• The Mummy & Daddy shop is open for business during December for sibling gifts. (Full explanation here.)
  • On Christmas day itself, we start the morning with our final advent reading and prayer. Later in the day we may have a birthday cake and sing happy birthday to Jesus.
  • We try to spend some time in the lead-up to Christmas day role-playing & discussing gift receiving etiquette. (See “Receiving Gifts, Thankfulness and Good Manners”.) We discuss and act out scenarios covering what to do if you already have the same item, comments children can say to the gift giver once the present is opened, the importance of being truthful whilst respecting the thought, time, money and effort that the giver has gone to in order to give them their gifts, tactful ways to respond when the gift is not something they like, want or need & guarding their facial expressions when they see the gift for the first time.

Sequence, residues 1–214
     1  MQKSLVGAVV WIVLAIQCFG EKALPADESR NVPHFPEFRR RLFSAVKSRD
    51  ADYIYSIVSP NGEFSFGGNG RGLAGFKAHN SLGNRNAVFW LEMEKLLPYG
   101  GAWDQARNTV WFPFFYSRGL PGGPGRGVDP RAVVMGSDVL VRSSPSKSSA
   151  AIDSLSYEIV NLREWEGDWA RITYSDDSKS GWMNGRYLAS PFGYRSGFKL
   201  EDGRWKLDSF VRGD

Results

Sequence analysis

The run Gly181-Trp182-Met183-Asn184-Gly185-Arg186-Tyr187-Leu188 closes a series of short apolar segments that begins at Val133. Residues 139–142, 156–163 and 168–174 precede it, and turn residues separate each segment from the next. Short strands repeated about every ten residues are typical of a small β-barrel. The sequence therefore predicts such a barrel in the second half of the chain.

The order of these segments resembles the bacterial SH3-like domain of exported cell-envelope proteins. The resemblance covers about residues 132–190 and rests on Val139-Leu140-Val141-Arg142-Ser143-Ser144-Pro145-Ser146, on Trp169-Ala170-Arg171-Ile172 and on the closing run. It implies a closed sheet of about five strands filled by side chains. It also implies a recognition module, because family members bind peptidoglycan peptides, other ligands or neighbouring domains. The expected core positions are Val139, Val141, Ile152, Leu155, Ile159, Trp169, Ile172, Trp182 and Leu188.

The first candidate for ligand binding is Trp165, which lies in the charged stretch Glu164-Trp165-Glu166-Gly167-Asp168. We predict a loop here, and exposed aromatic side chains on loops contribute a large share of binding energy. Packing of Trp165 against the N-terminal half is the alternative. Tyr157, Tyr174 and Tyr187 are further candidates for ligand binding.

• One side of the family like to give out the gifts at the Christmas day celebrations to one person at a time while everyone else sits and enjoys seeing what has been chosen. One person, often Grandpa,  hands out the gifts to the youngest children first and works up by age. This means that the littlest ones can quietly play with their gifts if watching for the duration is just too much. The children sit on Grandpa’s knee to open the gifts while we all watch.
  • A new idea we have heard this year to help set limits on the amount we buy for our own children is to model our spending on the 3 wise men; gold (bigger/want) myrrh (something to wear), frankincense (spiritual) or perhaps this little poem; Something you need, something you want and something to read.
  • A friend of ours puts tags on the gifts under the tree in code so that the children can’t figure out who’s is who’s or what they are getting ahead of time. That, plus not putting the gifts under the tree until Christmas eve keeps everything a surprise. In the morning, part of the fun is working out who gets what gift.